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The Scholarly Status of Blacks in the Economics Profession: Have the National Economic Association and the Review of Black Political Economy Mattered?

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  • Gregory Price

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  • Maxton Allen

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Abstract

This paper considers whether the National Economic Association and its journal the Review of Black Political Economy have enhanced the scholarly status of black economists. A bibliometric analysis reveals that while the typical black economist has never published in the Review of Black Political Economy, the share of black economists publishing in the Review of Black Economy approximates the share of all articles published on the economic and political economy of race by black economists, and the share of articles published in the Review of Black Political Economy by black economists appears higher than typical journals in economics—particularly for black economists employed at Historically Black Colleges and Universities. We also find that similar to other economics journals non-black economists dominate the share of published articles, and publications in the Review of Black Political Economy appear to be consistent with Lotka’s Law of scientific productivity suggesting that the journal is a standard outlet for research no different from any other science journal. Our results imply a plausible counterfactual that if the National Economic Association and Review of Black Political Economy did not exist, the scholarly status of blacks in the economics profession would have been lower than currently observed. Copyright Springer Science+Business Media New York 2014

Suggested Citation

  • Gregory Price & Maxton Allen, 2014. "The Scholarly Status of Blacks in the Economics Profession: Have the National Economic Association and the Review of Black Political Economy Mattered?," The Review of Black Political Economy, Springer;National Economic Association, vol. 41(1), pages 1-11, March.
  • Handle: RePEc:spr:blkpoe:v:41:y:2014:i:1:p:1-11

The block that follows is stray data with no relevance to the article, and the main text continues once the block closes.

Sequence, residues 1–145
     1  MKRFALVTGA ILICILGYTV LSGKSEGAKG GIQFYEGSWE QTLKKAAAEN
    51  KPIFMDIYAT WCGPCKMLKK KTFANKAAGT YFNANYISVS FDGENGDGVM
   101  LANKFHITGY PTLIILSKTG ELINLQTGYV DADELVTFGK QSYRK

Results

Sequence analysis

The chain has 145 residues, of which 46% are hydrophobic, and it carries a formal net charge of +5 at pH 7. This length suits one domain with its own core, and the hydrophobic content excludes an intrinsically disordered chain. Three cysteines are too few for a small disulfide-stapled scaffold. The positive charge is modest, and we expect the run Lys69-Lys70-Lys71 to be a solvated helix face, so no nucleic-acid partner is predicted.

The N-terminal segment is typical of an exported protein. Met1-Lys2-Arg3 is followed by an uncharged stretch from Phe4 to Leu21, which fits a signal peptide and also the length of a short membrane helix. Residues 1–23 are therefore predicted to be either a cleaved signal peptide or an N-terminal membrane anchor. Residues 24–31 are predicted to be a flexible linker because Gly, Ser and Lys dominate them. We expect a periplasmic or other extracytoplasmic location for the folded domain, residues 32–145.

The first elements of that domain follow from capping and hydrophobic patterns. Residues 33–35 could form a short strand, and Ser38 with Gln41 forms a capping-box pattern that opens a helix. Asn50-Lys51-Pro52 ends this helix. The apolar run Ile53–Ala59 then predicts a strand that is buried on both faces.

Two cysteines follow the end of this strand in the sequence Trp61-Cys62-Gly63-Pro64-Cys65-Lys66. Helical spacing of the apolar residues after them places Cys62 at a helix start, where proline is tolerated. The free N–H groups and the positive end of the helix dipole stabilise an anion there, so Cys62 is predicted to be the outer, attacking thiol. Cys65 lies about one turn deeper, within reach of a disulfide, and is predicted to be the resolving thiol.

DOI: 10.1007/s12114-012-9155-1
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    References listed on IDEAS

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    1. Mason, Patrick L. & Myers, Samuel Jr. & Darity, William Jr., 2005. "Is there racism in economic research?," European Journal of Political Economy, Elsevier, vol. 21(3), pages 755-761, September.
    2. Stewart, James B., 2005. "Is there racism in economic research?: Research networks and discrimination research," European Journal of Political Economy, Elsevier, vol. 21(3), pages 790-794, September.
    3. Coleman, Major G., 2005. "Racism in academia: the white superiority supposition in the "unbiased" search for knowledge," European Journal of Political Economy, Elsevier, vol. 21(3), pages 762-774, September.
    4. James Peoples, 2009. "Minorities’ Fields of Expertise in Economics and Employment Demand in These Fields," The Review of Black Political Economy, Springer;National Economic Association, vol. 36(1), pages 1-6, March.
    5. Hodgson, Geoffrey M & Rothman, Harry, 1999. "The Editors and Authors of Economics Journals: A Case of Institutional Oligopoly?," Economic Journal, Royal Economic Society, vol. 109(453), pages 165-186, February.
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    Cited by:

    1. Gregory N. Price & Rhonda V. Sharpe, 2020. "Is the Economics Knowledge Production Function Constrained by Race in the USA?," Journal of the Knowledge Economy, Springer;Portland International Center for Management of Engineering and Technology (PICMET), vol. 11(2), pages 614-629, June.

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    More about this item

    Keywords

    Black economists; National economic association; Review of black political economy; A1; J1; Y1; Z13;
    All these keywords.

    JEL classification:

    • A1 - General Economics and Teaching - - General Economics
    • J1 - Labor and Demographic Economics - - Demographic Economics
    • Y1 - Miscellaneous Categories - - Data: Tables and Charts
    • Z13 - Other Special Topics - - Cultural Economics - - - Economic Sociology; Economic Anthropology; Language; Social and Economic Stratification

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